Tips on Creating Living Wills in Bel Air, MD

For most people, creating living wills in Bel Air, MD, isn’t difficult; the hard thing is finding the time to sit down and get it done. In this article, readers will get several tips on planning and create a will that suits their assets and their wishes.

Think Small

Wills aren’t required for bigger assets, as things like bank accounts and residences are automatically passed to a joint owner upon one’s death. Life insurance policies and retirement accounts already have named beneficiaries; these names should be kept current to reflect one’s family status and wishes. However, if one has solely-owned accounts or property, they go through the will unless the owner specifies otherwise by creating a trust. The other big reason to have a will is to ensure that sentimental items go to the right person. By creating a living will, clients can simplify things for a family, while reducing fights over possessions.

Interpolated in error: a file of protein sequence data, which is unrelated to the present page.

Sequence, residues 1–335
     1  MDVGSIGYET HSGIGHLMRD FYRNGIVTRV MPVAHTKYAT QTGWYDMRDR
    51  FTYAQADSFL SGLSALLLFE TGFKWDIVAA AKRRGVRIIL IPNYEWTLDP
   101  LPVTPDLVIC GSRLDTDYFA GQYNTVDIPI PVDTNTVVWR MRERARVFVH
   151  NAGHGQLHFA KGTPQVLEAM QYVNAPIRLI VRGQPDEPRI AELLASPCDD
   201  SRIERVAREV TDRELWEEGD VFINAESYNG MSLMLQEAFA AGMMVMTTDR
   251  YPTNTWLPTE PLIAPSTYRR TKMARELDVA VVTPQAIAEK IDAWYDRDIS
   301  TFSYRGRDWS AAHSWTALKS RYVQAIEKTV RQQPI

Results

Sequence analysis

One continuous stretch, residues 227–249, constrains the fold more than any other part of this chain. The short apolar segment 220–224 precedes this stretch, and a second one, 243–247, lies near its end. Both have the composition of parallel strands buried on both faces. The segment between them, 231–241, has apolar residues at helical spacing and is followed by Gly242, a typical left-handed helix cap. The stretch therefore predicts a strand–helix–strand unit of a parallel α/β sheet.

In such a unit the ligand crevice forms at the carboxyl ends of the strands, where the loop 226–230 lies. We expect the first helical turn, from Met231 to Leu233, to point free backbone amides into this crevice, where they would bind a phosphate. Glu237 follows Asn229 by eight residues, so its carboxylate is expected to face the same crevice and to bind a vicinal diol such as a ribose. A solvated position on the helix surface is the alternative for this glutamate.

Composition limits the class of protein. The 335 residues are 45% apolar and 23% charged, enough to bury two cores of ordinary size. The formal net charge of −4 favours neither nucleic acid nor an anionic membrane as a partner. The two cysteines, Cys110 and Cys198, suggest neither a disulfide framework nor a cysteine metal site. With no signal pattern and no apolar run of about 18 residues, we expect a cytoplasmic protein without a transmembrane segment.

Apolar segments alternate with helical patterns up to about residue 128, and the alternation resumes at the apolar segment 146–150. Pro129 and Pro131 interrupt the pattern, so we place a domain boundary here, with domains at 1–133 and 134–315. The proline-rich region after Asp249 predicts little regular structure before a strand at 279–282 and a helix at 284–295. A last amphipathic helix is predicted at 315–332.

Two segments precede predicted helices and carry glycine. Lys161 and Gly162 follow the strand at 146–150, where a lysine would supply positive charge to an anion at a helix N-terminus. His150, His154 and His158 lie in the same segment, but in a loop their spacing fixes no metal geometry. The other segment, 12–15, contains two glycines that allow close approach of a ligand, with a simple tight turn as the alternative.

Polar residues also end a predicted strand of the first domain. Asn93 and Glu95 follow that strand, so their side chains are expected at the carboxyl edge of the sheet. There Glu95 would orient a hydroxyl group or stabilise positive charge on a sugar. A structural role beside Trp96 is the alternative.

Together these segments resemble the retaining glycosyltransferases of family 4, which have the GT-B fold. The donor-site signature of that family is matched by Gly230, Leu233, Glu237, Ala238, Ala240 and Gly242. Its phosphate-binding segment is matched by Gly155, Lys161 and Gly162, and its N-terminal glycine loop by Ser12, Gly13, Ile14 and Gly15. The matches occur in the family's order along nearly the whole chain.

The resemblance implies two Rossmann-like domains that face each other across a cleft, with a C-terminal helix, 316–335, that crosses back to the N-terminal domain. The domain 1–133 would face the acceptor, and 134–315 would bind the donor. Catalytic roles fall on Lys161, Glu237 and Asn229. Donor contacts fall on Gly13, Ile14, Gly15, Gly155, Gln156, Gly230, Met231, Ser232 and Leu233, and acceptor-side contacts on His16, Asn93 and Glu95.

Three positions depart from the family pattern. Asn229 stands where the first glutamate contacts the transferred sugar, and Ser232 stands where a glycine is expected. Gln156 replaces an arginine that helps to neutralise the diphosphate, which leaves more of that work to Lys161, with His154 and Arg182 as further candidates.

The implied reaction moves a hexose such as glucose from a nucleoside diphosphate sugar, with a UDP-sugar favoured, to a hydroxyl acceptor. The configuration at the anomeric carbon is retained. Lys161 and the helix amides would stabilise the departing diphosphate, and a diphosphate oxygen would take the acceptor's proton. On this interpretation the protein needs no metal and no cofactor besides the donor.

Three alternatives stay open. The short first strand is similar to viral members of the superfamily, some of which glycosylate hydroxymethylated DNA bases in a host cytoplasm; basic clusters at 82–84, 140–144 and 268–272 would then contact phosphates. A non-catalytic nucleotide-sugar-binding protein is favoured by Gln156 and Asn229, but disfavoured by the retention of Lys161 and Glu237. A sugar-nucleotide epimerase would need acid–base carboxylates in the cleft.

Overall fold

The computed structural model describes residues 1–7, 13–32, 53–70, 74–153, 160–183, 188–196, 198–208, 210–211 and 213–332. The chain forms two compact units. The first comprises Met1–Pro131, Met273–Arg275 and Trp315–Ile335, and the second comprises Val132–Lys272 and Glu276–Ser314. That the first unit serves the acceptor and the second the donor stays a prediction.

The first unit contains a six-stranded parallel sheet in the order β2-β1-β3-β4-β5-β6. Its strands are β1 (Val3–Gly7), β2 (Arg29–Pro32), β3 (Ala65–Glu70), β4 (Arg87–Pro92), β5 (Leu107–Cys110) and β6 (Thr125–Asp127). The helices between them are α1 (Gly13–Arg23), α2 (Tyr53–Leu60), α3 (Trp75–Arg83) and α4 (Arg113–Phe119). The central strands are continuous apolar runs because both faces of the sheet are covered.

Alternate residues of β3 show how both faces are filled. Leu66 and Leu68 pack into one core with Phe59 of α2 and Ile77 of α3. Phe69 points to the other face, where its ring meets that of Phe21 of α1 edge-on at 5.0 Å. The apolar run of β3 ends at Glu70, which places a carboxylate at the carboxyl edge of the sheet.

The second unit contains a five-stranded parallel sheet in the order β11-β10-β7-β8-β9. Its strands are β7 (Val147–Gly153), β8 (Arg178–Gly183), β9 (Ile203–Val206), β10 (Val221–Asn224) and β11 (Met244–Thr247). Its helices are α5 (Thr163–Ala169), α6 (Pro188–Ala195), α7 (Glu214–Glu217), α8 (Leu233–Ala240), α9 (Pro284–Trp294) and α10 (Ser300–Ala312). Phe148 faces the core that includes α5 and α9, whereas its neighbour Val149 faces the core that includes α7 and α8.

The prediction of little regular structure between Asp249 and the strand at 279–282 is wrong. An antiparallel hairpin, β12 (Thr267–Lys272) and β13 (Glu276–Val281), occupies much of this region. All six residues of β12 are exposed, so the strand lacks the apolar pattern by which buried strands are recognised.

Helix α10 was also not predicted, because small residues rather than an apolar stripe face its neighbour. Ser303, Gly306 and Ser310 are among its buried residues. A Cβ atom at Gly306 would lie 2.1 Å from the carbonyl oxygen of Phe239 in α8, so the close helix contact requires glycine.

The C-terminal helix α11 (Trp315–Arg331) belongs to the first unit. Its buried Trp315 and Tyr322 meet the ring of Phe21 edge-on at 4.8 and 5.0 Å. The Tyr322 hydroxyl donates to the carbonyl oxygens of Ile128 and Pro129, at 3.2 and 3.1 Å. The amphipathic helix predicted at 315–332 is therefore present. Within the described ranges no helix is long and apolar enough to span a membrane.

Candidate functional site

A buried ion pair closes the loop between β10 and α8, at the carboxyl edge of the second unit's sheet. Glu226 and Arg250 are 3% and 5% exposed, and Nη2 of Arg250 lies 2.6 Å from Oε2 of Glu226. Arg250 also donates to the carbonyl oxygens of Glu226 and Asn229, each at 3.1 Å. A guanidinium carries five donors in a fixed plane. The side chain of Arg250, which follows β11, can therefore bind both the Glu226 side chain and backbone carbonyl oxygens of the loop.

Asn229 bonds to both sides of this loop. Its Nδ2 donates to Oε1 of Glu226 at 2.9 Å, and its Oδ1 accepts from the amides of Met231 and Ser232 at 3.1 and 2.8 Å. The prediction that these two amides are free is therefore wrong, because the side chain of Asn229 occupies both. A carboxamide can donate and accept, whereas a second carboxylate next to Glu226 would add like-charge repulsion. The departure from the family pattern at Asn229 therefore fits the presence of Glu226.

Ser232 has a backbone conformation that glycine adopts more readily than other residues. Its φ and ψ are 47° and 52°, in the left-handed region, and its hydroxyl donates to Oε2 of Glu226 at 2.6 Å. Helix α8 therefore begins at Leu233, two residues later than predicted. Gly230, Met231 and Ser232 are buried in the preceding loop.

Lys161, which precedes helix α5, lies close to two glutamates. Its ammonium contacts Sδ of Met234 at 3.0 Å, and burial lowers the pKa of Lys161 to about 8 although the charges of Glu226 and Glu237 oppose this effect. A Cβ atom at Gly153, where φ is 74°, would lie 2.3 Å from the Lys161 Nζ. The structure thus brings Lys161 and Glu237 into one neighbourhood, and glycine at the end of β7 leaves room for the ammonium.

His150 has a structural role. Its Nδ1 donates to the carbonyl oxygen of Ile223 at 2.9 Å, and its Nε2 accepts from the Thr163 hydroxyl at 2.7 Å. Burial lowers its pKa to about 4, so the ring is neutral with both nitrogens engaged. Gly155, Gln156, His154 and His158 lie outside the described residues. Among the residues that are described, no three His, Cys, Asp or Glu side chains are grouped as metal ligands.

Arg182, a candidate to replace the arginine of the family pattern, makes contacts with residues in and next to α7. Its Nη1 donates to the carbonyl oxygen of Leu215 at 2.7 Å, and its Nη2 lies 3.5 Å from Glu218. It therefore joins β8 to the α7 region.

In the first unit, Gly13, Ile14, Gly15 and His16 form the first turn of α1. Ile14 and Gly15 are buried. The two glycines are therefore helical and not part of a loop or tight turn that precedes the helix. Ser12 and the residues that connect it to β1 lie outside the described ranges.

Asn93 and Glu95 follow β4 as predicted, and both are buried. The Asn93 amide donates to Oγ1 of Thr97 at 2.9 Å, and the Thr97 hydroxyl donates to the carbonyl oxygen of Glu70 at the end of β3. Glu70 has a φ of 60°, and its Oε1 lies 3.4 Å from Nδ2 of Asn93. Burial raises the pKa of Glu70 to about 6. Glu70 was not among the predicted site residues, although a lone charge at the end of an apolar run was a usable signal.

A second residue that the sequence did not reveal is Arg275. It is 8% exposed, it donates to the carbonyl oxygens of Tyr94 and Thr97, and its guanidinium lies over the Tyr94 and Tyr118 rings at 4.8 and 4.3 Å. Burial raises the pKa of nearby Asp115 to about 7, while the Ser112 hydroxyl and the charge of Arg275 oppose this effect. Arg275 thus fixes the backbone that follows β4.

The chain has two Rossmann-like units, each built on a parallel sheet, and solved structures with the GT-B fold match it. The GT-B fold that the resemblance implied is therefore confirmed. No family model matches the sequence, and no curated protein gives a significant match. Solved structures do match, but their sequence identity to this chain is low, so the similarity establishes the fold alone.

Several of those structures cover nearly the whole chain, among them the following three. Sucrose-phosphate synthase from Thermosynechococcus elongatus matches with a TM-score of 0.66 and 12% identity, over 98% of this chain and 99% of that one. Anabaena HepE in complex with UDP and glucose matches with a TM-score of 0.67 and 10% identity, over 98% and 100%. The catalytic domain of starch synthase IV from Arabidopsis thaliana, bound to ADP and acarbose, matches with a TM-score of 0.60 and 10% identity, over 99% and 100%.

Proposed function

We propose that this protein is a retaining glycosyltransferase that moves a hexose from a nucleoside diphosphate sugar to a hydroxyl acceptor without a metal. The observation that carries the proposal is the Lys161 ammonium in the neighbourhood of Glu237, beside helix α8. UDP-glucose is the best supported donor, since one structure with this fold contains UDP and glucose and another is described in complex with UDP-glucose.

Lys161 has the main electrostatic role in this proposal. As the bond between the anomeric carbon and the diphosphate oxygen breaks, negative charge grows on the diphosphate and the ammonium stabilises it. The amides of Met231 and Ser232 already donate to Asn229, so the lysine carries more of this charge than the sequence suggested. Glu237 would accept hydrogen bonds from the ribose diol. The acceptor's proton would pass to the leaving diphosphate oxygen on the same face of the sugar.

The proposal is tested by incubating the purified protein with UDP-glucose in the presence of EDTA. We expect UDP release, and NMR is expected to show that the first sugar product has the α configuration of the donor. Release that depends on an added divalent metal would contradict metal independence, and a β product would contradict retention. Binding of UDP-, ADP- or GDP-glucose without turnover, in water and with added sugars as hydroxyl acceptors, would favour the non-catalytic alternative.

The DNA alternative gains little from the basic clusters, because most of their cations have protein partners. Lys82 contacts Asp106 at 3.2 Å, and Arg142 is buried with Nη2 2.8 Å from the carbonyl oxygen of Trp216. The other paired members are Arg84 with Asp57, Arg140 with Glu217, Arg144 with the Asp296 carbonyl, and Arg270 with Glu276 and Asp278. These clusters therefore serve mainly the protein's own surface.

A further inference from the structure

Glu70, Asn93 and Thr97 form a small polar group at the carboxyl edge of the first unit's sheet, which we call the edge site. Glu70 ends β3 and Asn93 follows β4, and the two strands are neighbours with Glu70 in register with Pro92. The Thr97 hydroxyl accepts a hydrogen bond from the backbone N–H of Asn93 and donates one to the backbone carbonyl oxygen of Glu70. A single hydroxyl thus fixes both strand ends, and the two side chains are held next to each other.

Select a Guardian for Minors

If one has children under the age of 18, a living will is key because it names their guardian. If one dies without a will naming a guardian, the court gets involved and they will typically choose the first person who steps forward. In cases in which an ex-spouse is unfit, one can write a letter detailing one’s wishes and include it in the living will. It isn’t legally binding, but it can keep the court apprised of potential issues.

Choose an Executor

An executor is one who carries out the provisions of living wills in Bel Air, MD. They wrap up one’s final affairs, such as paying debts and taxes, closing bank accounts and distributing property according to the will. Most people choose relatives, but one may be better served by choosing Michael S. Birch, attorney at law. It’s not necessary, but it is common for an executor (if a family member was chosen) to visit this website and consult an attorney due to the complexities of handling a will.

Keep the Document Updated

Living wills are fluid documents and should be updated if a named beneficiary dies, if there’s a divorce or remarriage, or if guardians are no longer needed. One should also make changes if they move to a jurisdiction with community property laws. Rather than making substantial changes to a living will, it’s usually simpler to create an entirely new document. Browse the website for more details.


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